The clubhouse wasn’t quite finished when we visited, but the main structure was in place so we could walk around and get an idea of what will come. Situated with a panoramic view over the Bay of Riga and the 18th green, it looks like it will be a stunner. Just as at Saare Golf, the lower level will have the pro shop and changing rooms, and the top level will house the restaurant and bar. The top level will also have a terrace around the entire clubhouse, so that you can sit in the sun any time of day if you so desire.
With the course being build on sandy soil, it is expected that it can remain open for most of the year, longer than most courses at this latitude, something that we got a hint of when the heavy rain from earlier in the day we played the course quickly drained away.
So how do we rate the course? Normally we rate golf courses on a scale of 1 to 100. On this day we departed from that system and used a simpler method; I gave Lassi a big congratulatory hug. The course is that good. I think it could contend for Best New Course in Europe. Don’t miss it.
Pärnu, summer capital of Estonia
The course is located about 10 minutes from the center of Pärnu, the “summer capital” of Estonia. This is the place you want to seen in the summer, Estonia’s own Riviera.
As you approach the town after the 90 minute drive from Tallinn you drive along the wide Pärnu River. Just as the river is about to meet the sea it makes a sharp turn and runs parallel to the coast for a few kilometers, creating a small peninsula. This is where you find Old Pärnu, with the old town, the many spas, and the old Jugend-style houses along tree-lined boulevards running down to the wide, white, sandy beach. Pärnu is a romantic town where things progress in a nice relaxed tempo, perfect for an afternoon stroll, a bike ride, or a nice morning run along the beach. It is no coincidence that the number of inhabitants multiplies tenfold in the summer. The beach is excellent, and combined with one of the many spas you’ll feel like a new person after a few days.
If you travel from other parts of the world to Estonia, you will most likely first arrive in Tallinn. And just outside Tallinn is another championship course designed by Lassi Pekka Tilander; Estonian Golf & Country Club. The course opened in 2006, and has proven to be one of the best courses in Estonia. Don’t miss it if you have an extra day in Tallinn.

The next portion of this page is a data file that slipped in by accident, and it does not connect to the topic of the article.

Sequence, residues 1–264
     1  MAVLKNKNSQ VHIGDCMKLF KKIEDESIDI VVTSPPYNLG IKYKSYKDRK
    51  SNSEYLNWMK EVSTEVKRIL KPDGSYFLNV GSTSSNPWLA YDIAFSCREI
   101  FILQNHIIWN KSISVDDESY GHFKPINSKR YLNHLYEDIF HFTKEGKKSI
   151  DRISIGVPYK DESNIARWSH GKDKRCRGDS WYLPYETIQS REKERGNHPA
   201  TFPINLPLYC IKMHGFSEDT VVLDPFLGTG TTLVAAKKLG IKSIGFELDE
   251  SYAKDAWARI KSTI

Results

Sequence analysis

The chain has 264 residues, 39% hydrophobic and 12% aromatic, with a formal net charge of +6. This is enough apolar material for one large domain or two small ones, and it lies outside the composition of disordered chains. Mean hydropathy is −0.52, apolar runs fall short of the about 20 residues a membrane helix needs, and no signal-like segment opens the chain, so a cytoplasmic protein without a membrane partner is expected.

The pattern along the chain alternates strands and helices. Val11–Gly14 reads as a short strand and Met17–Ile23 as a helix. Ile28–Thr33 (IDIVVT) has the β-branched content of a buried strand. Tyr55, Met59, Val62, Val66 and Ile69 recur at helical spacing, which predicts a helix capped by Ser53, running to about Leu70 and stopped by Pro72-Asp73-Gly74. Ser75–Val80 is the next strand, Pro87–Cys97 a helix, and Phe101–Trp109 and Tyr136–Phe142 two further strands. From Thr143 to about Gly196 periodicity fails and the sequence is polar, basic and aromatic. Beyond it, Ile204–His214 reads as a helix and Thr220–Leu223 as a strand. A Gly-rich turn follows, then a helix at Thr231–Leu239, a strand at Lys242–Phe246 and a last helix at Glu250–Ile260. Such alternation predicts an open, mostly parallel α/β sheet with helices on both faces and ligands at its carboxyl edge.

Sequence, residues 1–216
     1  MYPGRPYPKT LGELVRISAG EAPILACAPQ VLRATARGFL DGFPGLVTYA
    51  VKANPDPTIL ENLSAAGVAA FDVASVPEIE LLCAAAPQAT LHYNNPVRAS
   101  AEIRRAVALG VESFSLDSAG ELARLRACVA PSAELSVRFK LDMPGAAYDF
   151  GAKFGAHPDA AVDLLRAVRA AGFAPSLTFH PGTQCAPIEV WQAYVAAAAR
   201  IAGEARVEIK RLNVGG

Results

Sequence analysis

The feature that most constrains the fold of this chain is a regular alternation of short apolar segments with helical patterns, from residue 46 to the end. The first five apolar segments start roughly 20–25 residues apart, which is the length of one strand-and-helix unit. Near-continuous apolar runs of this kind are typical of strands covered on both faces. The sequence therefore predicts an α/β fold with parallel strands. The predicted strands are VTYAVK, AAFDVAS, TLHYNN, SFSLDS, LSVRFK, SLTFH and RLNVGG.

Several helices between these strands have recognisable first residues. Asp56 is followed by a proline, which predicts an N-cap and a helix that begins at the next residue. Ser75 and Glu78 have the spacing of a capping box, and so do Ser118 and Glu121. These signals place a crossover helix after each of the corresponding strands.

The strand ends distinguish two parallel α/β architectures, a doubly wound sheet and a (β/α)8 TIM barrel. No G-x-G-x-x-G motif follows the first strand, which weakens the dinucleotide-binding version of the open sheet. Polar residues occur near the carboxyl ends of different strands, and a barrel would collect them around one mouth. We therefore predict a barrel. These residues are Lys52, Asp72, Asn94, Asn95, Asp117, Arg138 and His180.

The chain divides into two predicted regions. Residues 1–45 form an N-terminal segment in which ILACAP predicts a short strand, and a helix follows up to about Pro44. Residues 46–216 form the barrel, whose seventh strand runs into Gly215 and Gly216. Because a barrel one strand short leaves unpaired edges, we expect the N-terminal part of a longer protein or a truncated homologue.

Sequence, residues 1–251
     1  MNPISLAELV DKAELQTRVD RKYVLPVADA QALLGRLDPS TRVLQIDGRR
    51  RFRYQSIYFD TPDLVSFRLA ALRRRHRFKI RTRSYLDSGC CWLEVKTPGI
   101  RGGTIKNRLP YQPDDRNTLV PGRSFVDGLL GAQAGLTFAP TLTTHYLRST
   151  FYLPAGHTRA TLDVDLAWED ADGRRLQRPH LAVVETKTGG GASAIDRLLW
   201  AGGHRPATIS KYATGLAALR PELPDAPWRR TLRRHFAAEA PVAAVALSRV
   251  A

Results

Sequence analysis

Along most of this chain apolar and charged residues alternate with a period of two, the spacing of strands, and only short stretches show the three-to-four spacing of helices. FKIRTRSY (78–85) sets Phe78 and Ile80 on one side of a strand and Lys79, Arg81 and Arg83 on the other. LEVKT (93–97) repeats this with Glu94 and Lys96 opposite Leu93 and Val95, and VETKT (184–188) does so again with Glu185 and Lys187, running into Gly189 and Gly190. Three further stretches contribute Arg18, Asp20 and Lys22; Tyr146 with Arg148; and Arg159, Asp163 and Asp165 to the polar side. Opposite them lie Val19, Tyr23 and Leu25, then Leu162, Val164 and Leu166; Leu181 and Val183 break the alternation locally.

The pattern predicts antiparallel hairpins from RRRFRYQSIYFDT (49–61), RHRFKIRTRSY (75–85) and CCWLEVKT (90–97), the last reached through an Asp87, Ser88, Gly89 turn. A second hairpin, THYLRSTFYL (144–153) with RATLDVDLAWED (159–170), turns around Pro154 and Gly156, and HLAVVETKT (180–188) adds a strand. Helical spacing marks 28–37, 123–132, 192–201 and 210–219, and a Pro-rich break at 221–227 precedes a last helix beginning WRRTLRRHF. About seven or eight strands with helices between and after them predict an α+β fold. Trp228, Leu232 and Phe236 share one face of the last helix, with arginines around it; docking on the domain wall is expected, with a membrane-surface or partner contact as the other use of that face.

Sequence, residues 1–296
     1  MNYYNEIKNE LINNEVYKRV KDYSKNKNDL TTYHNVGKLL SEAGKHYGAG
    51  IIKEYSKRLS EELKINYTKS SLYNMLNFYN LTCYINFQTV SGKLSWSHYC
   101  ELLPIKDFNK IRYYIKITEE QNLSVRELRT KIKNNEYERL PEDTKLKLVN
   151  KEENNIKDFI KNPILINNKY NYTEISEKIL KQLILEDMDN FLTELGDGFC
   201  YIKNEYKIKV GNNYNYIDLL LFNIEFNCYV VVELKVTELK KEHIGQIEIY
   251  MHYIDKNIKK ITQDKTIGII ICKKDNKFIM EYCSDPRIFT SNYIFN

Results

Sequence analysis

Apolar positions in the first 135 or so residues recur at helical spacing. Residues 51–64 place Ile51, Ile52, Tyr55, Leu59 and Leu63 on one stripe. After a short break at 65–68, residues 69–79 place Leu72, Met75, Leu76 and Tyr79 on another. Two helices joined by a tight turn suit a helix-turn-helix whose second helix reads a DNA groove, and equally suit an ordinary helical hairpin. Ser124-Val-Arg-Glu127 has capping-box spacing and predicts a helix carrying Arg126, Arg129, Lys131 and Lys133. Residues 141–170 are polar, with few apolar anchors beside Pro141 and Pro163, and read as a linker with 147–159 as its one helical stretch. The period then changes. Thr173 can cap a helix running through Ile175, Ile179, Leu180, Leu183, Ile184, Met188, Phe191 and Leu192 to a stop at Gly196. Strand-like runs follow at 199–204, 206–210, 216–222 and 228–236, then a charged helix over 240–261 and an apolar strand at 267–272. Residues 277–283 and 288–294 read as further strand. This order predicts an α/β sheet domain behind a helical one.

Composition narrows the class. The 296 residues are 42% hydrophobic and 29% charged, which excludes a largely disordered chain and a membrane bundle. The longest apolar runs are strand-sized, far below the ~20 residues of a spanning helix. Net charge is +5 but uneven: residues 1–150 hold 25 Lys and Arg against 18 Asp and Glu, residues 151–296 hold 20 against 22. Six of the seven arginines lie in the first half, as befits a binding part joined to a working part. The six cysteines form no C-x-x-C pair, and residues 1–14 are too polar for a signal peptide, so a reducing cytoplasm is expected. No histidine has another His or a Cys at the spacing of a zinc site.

Another worthwhile detour on your way to Pärnu is Saare Golf on the island of Saaremaa on the west coast of Estonia, about a three hour drive from Tallinn. Saare Golf is just outside the town of Kuressare, a popular destination for outdoor activities. Kuressare is also famous for its many spas.
Saare Golf is a quality golf course, with a bit of a links feel to it. This may be in part due to the prevailing westerlies, sometimes quite strong, which adds quite a bit of difficulty to the otherwise fairly flat course. It also features large undulated greens, another hallmark of links courses. You won’t find Saare Golf on any of the major golf rating sites, so (even though I hesitate to use the expression) I will label this a “hidden gem”.
You can play all three courses, and tour historic Tallinn, on an extended weekend. Arrive in Tallinn the morning of day one and tour the city. Drive to Saaremaa and play Saare Golf on day two. Continue to Pärnu on day three and play Pärnu Bay. On day four, return to Tallinn, play Estonian, and fly back home in the evening.
- Visit Estonia
- Pärnu Bay Golf Links
- Saare Golf
- Estonian G&CC